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Consumers Seem To Think, Erroneously, That Organic Means “Low Calorie”

June 29, 2010: 11:01 PM EST
Sales in the U.S. of organic food products have soared in the last twenty years from about $1 billion to $25 billion in 2009, as the obesity rate among American adults climbed to 33 percent. Perhaps, a new study involving 114 university students finds, that’s because consumers believe that a food labeled organic is somehow lower in calories than a comparable non-organic food, even when the label clearly shows the caloric contents are equivalent. The phenomenon extends even to physical activity: not exercising is deemed okay if a person has just eaten an organic dessert. People “erroneously infer that [organic food] is lower-calorie and that it can be eaten more frequently,” the researchers said, adding that “benevolent impressions of organic foods” will affect food choices and other health-related decisions.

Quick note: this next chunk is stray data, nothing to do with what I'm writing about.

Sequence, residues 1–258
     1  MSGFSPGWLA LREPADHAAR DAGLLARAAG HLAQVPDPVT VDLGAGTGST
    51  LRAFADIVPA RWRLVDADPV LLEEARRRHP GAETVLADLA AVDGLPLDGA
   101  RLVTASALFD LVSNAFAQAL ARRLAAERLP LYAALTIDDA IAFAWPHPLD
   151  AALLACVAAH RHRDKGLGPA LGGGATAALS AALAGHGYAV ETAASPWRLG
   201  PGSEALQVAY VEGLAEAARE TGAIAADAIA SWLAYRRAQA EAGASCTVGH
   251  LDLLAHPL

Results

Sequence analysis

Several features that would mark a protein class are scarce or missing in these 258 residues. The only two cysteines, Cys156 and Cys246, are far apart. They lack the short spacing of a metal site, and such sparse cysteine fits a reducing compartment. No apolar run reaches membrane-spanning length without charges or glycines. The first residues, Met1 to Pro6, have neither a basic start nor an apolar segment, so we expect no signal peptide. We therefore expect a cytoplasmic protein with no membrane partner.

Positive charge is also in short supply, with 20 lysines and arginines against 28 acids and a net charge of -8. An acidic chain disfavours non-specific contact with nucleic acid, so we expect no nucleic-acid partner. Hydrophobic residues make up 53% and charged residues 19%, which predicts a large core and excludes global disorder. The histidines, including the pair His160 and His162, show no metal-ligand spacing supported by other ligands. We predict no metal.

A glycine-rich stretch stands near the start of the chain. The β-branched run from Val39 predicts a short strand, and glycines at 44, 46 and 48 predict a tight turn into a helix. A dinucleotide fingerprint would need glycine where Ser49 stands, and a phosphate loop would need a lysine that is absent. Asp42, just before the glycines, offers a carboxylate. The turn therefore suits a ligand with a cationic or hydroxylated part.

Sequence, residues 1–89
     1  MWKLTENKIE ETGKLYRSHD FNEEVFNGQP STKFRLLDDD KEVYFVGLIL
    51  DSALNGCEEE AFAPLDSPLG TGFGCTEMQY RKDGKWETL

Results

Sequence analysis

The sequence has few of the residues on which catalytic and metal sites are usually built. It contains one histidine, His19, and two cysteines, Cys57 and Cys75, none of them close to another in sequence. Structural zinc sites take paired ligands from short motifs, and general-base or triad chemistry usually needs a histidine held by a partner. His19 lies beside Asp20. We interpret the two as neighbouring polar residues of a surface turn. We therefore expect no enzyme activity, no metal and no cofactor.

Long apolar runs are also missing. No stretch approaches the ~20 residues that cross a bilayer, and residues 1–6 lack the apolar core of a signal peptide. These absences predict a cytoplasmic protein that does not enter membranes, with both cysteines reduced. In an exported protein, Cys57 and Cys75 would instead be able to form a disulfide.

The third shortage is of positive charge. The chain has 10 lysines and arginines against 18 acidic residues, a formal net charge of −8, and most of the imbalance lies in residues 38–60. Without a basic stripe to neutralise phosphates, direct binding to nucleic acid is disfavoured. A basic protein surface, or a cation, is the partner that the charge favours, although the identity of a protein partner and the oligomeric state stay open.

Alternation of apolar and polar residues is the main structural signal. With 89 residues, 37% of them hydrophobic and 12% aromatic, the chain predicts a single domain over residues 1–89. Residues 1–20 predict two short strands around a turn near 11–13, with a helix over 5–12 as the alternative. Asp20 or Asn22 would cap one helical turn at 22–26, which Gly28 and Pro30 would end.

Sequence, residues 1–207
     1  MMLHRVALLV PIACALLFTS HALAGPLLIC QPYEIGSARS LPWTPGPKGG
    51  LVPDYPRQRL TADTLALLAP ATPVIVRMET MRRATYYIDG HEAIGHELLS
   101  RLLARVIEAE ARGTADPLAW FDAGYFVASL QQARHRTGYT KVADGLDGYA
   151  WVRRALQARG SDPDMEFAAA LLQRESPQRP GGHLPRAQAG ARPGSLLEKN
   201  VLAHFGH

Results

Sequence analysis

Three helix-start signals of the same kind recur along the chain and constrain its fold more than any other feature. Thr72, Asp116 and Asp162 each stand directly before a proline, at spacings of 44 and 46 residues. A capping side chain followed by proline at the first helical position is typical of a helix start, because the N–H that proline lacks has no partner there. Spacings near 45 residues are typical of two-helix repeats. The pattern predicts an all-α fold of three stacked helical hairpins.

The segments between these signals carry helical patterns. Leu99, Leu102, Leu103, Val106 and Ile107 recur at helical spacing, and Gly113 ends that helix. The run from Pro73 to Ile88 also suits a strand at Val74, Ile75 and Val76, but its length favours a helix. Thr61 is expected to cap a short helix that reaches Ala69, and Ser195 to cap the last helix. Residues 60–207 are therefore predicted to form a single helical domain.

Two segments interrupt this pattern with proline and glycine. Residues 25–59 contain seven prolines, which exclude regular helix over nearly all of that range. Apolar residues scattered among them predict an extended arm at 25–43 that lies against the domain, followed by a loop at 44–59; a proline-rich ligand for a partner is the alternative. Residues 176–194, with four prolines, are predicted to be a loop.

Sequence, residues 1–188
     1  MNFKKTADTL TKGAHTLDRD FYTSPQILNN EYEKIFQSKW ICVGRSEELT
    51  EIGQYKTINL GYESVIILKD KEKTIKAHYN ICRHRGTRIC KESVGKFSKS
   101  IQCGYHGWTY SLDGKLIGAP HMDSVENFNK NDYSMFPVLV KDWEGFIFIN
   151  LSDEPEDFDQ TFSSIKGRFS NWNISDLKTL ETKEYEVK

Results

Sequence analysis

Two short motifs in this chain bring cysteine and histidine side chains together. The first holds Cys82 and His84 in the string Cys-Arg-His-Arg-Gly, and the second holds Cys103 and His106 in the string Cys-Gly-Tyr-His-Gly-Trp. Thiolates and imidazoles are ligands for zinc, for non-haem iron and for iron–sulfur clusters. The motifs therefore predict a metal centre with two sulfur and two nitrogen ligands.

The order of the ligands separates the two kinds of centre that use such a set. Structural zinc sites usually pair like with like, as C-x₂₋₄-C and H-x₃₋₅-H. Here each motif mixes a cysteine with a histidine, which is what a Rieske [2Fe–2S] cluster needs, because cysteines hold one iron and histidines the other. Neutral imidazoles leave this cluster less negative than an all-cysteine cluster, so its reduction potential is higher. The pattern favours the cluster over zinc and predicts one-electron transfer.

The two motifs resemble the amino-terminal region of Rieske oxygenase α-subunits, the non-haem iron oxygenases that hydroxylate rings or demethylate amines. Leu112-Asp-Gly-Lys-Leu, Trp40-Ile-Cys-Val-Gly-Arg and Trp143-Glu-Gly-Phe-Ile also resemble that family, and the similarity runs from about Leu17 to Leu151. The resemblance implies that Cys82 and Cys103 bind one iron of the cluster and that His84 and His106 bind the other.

Jonathon P. Schuldt and Norbert Schwarz, "The “organic” path to obesity? Organic claims influence calorie judgments and exercise recommendations", Judgment and Decision Making, June 29, 2010, © Judgment and Decision Making
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